The entrances to upper and lower Antelope Canyon are easy to miss. Only small signs along route 98 mark these attractions. This is the only sign to indicate the site.
The booth were you pay the entrance fee.
Approaching the canyon, it is totally unremarkable from the ground level.
In the background is the giant chimneys of a power plant. It is the chimneys and their smoke that you will see many miles before Page, AZ.
Rosalie and Chelsea are descending to the canyon. The entrance is a slit of a gap.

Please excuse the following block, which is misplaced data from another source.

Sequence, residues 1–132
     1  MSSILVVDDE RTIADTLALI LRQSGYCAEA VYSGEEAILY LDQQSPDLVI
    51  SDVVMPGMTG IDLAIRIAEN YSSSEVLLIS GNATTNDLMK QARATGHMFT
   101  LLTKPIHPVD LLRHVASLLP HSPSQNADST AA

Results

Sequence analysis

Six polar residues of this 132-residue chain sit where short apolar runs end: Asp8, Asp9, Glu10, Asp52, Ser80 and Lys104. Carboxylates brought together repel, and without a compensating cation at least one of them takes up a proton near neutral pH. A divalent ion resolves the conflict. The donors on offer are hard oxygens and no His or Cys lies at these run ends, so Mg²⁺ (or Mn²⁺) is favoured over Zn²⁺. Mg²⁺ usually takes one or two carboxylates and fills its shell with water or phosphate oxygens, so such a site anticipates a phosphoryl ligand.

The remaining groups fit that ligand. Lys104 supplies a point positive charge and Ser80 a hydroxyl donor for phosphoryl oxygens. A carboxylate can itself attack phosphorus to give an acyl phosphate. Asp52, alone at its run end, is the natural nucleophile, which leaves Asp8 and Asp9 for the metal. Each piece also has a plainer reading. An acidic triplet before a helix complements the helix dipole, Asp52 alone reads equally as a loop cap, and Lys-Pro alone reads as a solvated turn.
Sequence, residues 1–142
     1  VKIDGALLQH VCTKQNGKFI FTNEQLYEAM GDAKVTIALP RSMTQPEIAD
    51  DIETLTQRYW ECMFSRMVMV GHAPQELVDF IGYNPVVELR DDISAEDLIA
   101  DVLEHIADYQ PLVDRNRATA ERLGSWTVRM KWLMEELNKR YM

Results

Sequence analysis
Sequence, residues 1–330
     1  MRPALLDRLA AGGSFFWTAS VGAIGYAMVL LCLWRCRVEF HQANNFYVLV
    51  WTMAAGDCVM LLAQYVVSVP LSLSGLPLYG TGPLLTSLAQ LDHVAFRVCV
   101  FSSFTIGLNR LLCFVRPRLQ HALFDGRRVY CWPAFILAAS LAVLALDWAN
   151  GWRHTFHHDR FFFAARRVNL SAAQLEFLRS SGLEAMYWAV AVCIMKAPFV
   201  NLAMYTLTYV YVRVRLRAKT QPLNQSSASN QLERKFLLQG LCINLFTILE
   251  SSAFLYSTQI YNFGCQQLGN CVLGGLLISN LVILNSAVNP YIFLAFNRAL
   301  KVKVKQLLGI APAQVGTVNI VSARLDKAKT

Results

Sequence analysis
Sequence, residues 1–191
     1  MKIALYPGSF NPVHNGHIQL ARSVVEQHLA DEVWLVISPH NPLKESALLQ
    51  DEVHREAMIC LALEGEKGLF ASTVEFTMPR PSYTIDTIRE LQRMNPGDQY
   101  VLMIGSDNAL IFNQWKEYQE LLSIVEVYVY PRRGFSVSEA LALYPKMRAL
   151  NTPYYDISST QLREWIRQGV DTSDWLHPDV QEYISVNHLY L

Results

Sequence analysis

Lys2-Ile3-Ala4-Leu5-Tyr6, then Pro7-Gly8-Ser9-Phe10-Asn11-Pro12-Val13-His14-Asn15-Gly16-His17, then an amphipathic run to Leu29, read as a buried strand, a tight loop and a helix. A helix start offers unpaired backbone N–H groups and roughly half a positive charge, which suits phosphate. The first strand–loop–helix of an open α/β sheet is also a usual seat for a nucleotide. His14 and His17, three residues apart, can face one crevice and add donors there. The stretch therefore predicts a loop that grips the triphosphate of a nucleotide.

Antelope Canyon is a small but exquisitely beautiful geological formation in northern Arizona. It is not a national or state park and is often overlooked by many tourists visiting the area. It takes only an hour or two to see it all, but it is worth the time. Its unsurpassed beauty is breathtaking. It is a photographer's dream.
The Navajo name for Upper Antelope Canyon is Tse bighnilini, which means "the place where water runs through rocks." Upper Antelope is at about 4,000 feet elevation and the canyon walls rise 120 feet above the streambed. Lower Antelope Canyon is Hasdestwazi, or "spiral rock arches." Both are located within the LeChee Chapter of the Navajo Nation. We only visited the lower one.
One has to navigate through the small gaps.